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It's been a long time since I was in elementary school. But I can remember it like it was yesterday.
I wasn't the cutest, skinniest or best-dressed girl. I wasn't even a popular girl, but I had an advantage; I could sing like "nobody's business," and my teachers loved that about me. As a result, I think I was spared the bullying that could've come from classmates due to my lack of the aforementioned qualities.
Times were tough in the late '60s. Maybe not as bad as what some call the "mean-girl phenom," experienced now by many, but it was there. So I think the fact that my classmates knew how much my teachers liked me may have spared me from their belittling.
Not true for all girls in my class.
I'll never forget one who was not spared the pain, the hurt and the bullying. She was easy prey: short, overweight and not very attractive. Most days she pretended to be tough and take the bullying in stride, even though I saw the tears that were privately shed.
I did my best to defend her when I could. But my actions were rare. Most of the girls in our class -- and boys, too -- were relentless in their pursuit of pain, the kind of pain that was inflicted mostly through name-calling, taunting and ridicule. This was especially true at recess time, when teachers were not easily accessible, or when they deemed it to be "child's play." We were only 10 or 11 years old at the time, but the hurtful actions projected by some classmates against this girl were alarming. No child should have to experience this kind of bullying, and yet, sadly, it happens every day, even at our best schools.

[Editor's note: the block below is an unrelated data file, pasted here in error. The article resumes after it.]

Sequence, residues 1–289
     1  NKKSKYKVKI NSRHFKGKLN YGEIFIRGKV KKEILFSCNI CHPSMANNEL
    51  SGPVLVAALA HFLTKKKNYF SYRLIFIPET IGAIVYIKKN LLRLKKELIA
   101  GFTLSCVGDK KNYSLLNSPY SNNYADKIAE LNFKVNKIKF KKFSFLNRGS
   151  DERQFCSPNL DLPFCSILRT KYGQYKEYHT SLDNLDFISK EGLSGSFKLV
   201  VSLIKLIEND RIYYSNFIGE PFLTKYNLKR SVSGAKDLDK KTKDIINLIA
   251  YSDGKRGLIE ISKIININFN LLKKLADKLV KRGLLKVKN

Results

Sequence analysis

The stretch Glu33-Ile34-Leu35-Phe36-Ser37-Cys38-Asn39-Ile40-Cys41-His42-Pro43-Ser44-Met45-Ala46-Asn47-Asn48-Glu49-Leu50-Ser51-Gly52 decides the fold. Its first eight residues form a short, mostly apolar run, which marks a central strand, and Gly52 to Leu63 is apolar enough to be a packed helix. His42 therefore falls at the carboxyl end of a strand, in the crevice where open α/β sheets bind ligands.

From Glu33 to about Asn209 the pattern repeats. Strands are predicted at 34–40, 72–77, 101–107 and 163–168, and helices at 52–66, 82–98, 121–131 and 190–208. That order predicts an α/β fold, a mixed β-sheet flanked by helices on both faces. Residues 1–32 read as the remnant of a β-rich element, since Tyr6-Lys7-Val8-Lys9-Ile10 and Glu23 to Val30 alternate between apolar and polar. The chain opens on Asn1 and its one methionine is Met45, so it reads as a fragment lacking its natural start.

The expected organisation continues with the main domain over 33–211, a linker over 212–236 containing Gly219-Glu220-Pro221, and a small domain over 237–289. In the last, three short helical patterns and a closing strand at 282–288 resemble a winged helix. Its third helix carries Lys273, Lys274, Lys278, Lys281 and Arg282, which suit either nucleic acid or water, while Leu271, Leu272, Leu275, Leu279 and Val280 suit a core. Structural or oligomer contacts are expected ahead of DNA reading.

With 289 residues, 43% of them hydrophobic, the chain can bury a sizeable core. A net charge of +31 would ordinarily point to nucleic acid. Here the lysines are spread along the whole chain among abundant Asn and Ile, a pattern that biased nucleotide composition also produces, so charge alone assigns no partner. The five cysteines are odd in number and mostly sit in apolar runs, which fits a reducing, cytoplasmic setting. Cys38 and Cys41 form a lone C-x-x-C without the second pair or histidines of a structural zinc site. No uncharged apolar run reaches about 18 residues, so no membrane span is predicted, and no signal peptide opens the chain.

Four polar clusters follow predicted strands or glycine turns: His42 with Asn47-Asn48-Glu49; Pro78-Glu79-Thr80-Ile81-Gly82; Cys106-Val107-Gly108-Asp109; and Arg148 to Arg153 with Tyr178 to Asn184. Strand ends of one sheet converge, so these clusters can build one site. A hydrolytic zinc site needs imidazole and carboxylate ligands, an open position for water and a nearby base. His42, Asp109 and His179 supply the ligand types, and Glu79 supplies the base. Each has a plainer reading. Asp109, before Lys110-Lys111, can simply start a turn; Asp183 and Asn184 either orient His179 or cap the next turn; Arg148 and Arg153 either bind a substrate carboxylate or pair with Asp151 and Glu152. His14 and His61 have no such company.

Recently, I ran across a post about the Kind Campaign and their film, Finding Kind, and I knew that I had to share it. It struck a chord in my memory of the hurt my classmate endured and came back to haunt me.
In Finding Kind, filmmakers Lauren Parsekian and Molly Thompson, who met while in school at Pepperdine University, set out in a cross-country journey of discovery and education. Interviewing women and girls along the way about their lives and experiences, Parsekian and Thompson find, among all of the unique personal stories, some universal truths about growing up as girls.
Finding Kind is a document of that journey, and of the filmmakers' quest to take these experiences and find a common ground of kindness and mutual respect.
In addition to all of the individual girls and women who share their personal experiences about girl-on-girl bullying, Parsekian and Thompson include interviews with respected experts and authors in the fields of psychology, education and the interrelationships of women and girls.
It's clear that the Kind Campaign is taking their message to the streets and sharing it across the world, and I believe that educators should do the same.
As a new teacher preparing to enter the classroom, or as an experienced one, you're going to encounter potentially volatile situations between students on any given day. That said, you should be prepared to work through it with your students, prepared to support the teaching of kindness which, for many students, will be just as important as any other content area you teach them.
Let's look at a few ways we can support teaching kindness:
What are you doing to teach kindness? What strategies do you have in place to de-escalate the issues when they hit? How will you protect the students in your care from gossip or bullying? What do you still need help with? Leave us a comment, and let us know!